Online businesses have been surging worldwide during the past decade, especially during the recent COVID-19 epidemic. However, the market share of online real estate transactions is still limited, mainly due to the information-asymmetry problem. In this study, we manually collect data on online judicial housing auctions in China, which is currently the largest online real estate market globally, and investigate how information disclosure facilitates real estate transactions. The empirical results suggest that disclosing better quality information online can attract more potential buyers. In particular, providing more comprehensive information such as professional appraisal reports or videos of the property can help to convert buyers’ initial interests into completed transactions and higher sales proceeds. The positive effects of information are particularly strong when combined with offline services, in a more mature online market, and for low-value properties. We also provide preliminary analysis of factors affecting online-information-disclosure quality from both the macro and micro perspectives. We also provide preliminary analysis of factors affecting online-information-disclosure quality from both the macro and micro perspectives.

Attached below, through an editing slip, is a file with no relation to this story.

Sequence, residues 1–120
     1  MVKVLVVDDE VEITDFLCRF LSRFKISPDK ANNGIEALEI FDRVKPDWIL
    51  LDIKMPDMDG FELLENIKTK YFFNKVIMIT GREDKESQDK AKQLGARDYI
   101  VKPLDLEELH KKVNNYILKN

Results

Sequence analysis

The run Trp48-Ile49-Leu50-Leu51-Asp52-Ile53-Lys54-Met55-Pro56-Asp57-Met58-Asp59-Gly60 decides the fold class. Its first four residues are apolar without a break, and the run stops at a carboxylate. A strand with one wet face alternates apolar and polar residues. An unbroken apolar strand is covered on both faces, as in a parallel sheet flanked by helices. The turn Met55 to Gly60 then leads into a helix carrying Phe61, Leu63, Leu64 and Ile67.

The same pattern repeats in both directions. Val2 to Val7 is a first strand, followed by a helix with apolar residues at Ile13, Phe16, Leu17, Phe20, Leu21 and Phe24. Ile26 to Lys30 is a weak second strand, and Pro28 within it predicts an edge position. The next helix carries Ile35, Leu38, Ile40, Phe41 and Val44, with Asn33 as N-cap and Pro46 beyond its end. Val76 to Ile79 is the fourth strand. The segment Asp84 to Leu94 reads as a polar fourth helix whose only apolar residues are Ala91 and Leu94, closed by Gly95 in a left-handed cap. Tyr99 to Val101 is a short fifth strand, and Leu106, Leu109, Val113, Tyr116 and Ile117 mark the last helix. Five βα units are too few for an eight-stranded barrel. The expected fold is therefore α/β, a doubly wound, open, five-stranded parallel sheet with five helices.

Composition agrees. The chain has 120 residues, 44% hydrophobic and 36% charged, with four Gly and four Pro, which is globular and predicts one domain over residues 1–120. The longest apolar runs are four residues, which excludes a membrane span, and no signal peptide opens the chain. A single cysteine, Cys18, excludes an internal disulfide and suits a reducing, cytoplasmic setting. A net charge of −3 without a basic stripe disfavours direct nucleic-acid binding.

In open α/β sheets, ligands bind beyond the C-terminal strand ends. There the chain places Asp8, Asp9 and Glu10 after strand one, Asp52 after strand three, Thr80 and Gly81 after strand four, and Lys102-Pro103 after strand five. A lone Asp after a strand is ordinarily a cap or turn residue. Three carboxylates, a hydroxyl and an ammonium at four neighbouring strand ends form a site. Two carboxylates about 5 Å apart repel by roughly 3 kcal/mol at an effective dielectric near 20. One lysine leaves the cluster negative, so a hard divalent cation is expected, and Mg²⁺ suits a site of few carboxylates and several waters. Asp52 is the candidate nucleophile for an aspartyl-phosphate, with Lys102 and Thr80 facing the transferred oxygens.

This paper empirically tests housing market efficiency in the spatial dimension by using the spatial autoregressive conditional heteroskedastic (ARCH) and spatial quantile regression models. The tests were conducted in terms of both housing returns and squared returns (volatility). The sale price data used is from Cook County residential MLS for the years 2010–2016. The main findings are that housing returns are not spatially correlated but squared returns are spatially correlated, and the spatial dependence of squared returns seems to be stronger for higher squared return quantiles.